- Network: The Movie Network
- Series Premiere Date: May 7, 2007
- Starring: Michelle Forbes, Justin Louis, Laurence Leboeuf
- Summary: The Canadian series follows the life of former Toronto homicide cop, Mike Sweeney (Hugh Dillon) who has moved to the suburbs for a new start after his partner was killed in the line of duty and his wife recovers from cancer.
- Genre(s): Drama, Movie/Mini-Series
Atmospheric and strange (images of power lines abound for no discernible reason), Durham County is not much of a murder mystery--viewers know who the killer(s) are by the end of the first episode--but it is an intriguing crime drama that's more character-driven than it is procedural.
No fictional conceit can possibly match the darkness of the Manson family. But Durham County, a series about a cop's growing realization that his bland suburban neighborhood may house a serial killer, is genuinely creepy.
Viewers willing to put in the work tonight could be rewarded with a complex, nicely turned drama. Those less interested can wait a week, when the 10 p.m. options will expand to include Jay Leno telling jokes. No scorecard needed there.
When everything and every moment is studiously and heavy-handedly unpleasant, and each humorless, colorless detail seems designed to impress us with its “edge,” the overall effect ironically becomes somewhat monotonous.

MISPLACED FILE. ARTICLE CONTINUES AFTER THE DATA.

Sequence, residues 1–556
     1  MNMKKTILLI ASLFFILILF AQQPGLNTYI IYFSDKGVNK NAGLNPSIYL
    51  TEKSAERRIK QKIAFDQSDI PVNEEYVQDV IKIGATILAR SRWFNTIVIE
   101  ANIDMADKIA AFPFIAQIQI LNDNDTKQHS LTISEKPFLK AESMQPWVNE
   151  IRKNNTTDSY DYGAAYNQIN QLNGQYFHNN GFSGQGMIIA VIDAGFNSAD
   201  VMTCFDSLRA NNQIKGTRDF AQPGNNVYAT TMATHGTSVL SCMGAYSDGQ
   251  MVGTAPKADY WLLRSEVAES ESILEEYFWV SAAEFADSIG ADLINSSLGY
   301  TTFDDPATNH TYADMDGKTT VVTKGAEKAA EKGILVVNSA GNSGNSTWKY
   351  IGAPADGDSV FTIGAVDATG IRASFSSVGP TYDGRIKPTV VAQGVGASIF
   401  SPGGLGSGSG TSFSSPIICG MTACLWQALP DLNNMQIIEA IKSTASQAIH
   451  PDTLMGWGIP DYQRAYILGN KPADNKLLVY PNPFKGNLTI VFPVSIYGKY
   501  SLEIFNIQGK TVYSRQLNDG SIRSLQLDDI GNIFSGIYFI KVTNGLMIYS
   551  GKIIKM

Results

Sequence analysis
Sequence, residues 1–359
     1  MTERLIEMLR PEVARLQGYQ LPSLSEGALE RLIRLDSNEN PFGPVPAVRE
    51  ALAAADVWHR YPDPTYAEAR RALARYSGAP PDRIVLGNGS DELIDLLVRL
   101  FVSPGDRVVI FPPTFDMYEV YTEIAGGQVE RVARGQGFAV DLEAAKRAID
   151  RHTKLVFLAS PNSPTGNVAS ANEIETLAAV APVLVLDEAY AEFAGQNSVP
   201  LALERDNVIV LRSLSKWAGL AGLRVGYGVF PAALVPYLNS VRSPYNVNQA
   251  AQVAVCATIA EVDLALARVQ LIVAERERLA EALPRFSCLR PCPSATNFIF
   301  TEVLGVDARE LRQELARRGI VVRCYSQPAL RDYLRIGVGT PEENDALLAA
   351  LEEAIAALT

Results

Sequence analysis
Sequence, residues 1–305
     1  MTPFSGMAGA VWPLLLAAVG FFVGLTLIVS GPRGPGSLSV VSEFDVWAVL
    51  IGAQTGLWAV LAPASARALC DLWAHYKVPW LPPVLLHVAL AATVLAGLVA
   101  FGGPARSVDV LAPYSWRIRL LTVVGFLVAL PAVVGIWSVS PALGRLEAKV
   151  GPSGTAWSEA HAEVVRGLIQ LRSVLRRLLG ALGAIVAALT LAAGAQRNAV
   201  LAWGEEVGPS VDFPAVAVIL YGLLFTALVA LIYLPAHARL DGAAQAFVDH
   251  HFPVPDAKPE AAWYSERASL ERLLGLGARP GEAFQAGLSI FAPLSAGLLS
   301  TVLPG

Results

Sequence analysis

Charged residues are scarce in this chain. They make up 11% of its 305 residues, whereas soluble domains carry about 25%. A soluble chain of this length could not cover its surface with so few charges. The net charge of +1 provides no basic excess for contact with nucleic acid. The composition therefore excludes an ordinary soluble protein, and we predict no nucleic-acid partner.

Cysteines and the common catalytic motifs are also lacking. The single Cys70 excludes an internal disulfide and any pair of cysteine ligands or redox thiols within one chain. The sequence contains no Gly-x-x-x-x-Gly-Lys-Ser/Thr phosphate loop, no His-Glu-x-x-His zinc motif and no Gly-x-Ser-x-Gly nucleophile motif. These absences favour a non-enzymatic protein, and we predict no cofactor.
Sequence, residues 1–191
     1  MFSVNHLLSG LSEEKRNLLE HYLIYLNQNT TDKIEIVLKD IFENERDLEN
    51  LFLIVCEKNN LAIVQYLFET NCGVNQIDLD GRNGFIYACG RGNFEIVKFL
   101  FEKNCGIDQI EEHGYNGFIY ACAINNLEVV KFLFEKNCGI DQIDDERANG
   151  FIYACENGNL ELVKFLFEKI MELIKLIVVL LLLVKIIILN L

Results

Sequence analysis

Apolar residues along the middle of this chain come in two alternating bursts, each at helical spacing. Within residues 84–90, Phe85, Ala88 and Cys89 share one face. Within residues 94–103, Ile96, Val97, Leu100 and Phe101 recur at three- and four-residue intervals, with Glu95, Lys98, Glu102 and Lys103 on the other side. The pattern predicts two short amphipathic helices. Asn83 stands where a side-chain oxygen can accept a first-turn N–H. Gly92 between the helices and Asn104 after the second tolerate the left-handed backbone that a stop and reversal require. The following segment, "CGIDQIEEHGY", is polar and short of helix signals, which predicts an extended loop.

MaryZSep 10, 2009Creepy is exactly the word I used. I almost had to turn away, it was that unsettling. Well acted; very little exposition. I recommend it highly.
Jan 10, 2014For any "Law and Order: SVU" fans, this show is basically Elliot Stabler the TV series. It focuses on an extremely arrogant cop who isFor any "Law and Order: SVU" fans, this show is basically Elliot Stabler the TV series. It focuses on an extremely arrogant cop who is completely self absorbed, learns absolutely nothing from his mistakes and always chooses focusing on dead victims or living killers rather than his family. As if this isn't bad enough, he has a daughter who has the exact same qualities.
The first season starts off with a pretty graphic murder and actually does a good job focusing on showing how the very things that draw people to suburban areas (the open space, distance from neighbors, "family values," etc.) can actually create a misogynistic culture where murderers of women operate with ease due to secluded areas and a "good ol' boys" culture that seems as repressive as it is scarily easy to manipulate.
The problem is that the first season presented these issues and didn't adequately digest them. The second season kind of meandered around these points and then picked up a new antagonist. The third season had absolutely, and I mean ABSOLUTELY, nothing to do with anything in the two former seasons story-wise. This wouldn't have been as much of a whopping disappointment if the characters would've been developed more (i.e. if Mike or Sadie Sweeny would've learned anything from their mistakes). However, it should be said that Mike's younger daughter, Maddy, finally telling Mike exactly what she (and many viewers I would imagine) felt about him was pretty epic. In fact, this alone raised my score from a 4 to a 5.… Expand